– chidimo
    Dec 31, 2016 at 22:06

I only have one thing to add that wasn't clear from the other answers (for completeness's sake).

You may also use the stars when calling the function. For example, say you have code like this:

>>> def foo(*args):
...     print(args)
>>> l = [1,2,3,4,5]

You can pass the list l into foo like so...

>>> foo(*l)
(1, 2, 3, 4, 5)

You can do the same for dictionaries...

>>> def foo(**argd):
...     print(argd)
>>> d = {'a' : 'b', 'c' : 'd'}
>>> foo(**d)
{'a': 'b', 'c': 'd'}
  • 13
    Sorry to bring this up 7 years later, but if you removed ** from the fn declaration to just have def foo(argd): and you ran foo(d) you would get the same result. Why then are ** used?
    – David
    Oct 9, 2015 at 23:42
  • 5
    @David yes, you're right. The example is just to demonstrate how to "unpack" a dict and then "repack" it inside the function. For example, foo(a="b", c="d") would also provide the same output as foo(**d). Dec 2, 2015 at 18:04
  • 3
    I saw the first answer and I was like , "Noo, this is not what I wanted", and then I saw your answer :) Feb 7, 2017 at 10:06
  • 2
    For clarity, this example is using * for unpacking a sequence (such as a list) when passed as an argument to a function that uses *args for an arbitrary number of positional arguments.
    – howdoicode
    Sep 26, 2020 at 18:55

All of the above answers were perfectly clear and complete, but just for the record I'd like to confirm that the meaning of * and ** in python has absolutely no similarity with the meaning of similar-looking operators in C.

They are called the argument-unpacking and keyword-argument-unpacking operators.

  • 5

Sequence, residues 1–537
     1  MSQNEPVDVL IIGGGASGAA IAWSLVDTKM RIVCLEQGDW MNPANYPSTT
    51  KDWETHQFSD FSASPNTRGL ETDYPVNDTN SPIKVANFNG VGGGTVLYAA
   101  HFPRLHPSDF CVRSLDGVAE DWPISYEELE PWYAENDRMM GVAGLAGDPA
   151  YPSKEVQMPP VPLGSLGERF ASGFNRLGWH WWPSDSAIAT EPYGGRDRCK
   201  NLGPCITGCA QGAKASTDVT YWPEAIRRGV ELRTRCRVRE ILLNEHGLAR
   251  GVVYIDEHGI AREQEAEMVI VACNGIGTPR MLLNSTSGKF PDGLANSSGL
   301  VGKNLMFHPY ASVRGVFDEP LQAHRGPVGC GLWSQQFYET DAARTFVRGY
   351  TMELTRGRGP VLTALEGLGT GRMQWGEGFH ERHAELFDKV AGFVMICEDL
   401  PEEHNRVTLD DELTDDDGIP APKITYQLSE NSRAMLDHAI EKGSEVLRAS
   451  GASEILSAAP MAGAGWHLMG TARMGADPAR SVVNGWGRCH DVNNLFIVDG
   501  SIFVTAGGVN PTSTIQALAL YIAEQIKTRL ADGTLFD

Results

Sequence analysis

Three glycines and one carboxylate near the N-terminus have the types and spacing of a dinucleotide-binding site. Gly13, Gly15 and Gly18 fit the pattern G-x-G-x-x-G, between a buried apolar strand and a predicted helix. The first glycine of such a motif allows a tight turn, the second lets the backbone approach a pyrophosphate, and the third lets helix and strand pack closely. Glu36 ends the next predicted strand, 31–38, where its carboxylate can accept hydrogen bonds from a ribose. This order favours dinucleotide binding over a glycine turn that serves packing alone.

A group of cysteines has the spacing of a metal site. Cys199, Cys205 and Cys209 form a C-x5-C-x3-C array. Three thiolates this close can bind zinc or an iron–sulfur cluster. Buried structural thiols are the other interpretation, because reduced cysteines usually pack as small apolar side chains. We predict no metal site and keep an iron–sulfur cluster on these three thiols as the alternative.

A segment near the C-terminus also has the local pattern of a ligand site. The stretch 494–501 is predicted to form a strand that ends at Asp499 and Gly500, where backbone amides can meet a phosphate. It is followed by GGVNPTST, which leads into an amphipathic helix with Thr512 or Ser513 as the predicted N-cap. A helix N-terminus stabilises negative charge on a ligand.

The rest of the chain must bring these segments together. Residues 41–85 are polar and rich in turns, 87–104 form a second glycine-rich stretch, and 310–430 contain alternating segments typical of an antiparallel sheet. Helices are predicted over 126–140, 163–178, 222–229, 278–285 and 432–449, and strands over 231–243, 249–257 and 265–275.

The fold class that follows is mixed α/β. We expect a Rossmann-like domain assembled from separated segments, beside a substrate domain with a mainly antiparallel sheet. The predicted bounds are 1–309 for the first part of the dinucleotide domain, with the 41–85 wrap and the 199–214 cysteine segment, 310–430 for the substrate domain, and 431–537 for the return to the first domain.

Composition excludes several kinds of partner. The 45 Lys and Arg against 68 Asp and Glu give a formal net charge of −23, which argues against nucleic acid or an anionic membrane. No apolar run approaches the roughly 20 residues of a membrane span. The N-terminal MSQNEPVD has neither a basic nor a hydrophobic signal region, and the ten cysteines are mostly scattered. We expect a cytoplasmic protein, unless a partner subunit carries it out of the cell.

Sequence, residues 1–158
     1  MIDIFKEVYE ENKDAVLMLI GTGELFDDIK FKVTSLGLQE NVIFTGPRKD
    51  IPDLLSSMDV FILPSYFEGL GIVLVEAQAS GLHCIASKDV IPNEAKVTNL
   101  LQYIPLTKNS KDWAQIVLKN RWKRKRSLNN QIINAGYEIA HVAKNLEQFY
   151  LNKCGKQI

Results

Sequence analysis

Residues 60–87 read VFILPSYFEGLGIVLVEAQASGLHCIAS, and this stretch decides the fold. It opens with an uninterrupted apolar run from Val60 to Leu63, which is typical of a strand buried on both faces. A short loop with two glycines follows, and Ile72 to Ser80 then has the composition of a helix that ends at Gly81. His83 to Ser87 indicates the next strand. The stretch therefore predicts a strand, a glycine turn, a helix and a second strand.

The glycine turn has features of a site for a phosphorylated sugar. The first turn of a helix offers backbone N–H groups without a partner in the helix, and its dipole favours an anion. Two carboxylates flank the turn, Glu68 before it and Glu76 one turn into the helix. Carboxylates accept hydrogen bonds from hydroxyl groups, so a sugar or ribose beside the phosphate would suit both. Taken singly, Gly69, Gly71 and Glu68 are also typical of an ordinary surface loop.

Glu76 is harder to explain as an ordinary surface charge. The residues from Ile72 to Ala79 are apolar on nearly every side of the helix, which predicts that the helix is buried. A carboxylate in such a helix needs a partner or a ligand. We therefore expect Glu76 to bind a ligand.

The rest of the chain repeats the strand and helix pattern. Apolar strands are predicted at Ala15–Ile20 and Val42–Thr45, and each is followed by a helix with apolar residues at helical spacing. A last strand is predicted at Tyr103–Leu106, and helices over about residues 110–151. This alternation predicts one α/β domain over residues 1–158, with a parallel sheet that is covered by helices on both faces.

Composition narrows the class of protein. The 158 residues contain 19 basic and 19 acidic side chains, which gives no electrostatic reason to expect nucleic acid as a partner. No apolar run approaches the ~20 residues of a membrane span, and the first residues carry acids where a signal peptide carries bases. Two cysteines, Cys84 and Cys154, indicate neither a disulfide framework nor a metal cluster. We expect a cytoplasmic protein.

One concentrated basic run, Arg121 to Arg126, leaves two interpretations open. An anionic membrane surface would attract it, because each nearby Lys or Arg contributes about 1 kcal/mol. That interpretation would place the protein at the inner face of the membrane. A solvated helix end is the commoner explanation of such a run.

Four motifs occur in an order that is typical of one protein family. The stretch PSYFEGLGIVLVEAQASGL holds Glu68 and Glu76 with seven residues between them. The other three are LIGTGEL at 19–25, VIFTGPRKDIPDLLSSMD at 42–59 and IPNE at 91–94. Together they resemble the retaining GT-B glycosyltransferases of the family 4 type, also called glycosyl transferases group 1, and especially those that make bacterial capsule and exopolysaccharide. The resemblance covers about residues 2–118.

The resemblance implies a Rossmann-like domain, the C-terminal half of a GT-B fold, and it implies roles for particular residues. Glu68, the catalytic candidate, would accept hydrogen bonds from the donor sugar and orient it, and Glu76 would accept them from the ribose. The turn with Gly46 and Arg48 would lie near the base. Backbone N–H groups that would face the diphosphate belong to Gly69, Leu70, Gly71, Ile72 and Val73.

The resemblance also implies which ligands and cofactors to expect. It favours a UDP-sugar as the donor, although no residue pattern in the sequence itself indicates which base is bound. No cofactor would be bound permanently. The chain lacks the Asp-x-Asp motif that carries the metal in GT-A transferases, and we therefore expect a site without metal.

necessary clarification, my initial thought was pass-by-reference for *
    – jimh
    Sep 20, 2017 at 21:03
  • Agreed, this confused me so much. Thanks for the clarification :)
    – aemonge
    Apr 27, 2022 at 6:17

A single star means that the variable 'a' will be a tuple of extra parameters that were supplied to the function. The double star means the variable 'kw' will be a variable-size dictionary of extra parameters that were supplied with keywords.

Although the actual behavior is spec'd out, it still sometimes can be very non-intuitive. Writing some sample functions and calling them with various parameter styles may help you understand what is allowed and what the results are.

def f0(a)
def f1(*a)
def f2(**a)
def f3(*a, **b)
  • 12
    Not to nit-pick, but if you use a single star, the argument is stored as a tuple, not a list. Dec 30, 2008 at 16:47

I find * useful when writing a function that takes another callback function as a parameter:

def some_function(parm1, parm2, callback, *callback_args):
    a = 1
    b = 2
    callback(a, b, *callback_args)

That way, callers can pass in arbitrary extra parameters that will be passed through to their callback function. The nice thing is that the callback function can use normal function parameters. That is, it doesn't need to use the * syntax at all. Here's an example:

def my_callback_function(a, b, x, y, z):

x = 5
y = 6
z = 7

some_function('parm1', 'parm2', my_callback_function, x, y, z)

Of course, closures provide another way of doing the same thing without requiring you to pass x, y, and z through some_function() and into my_callback_function().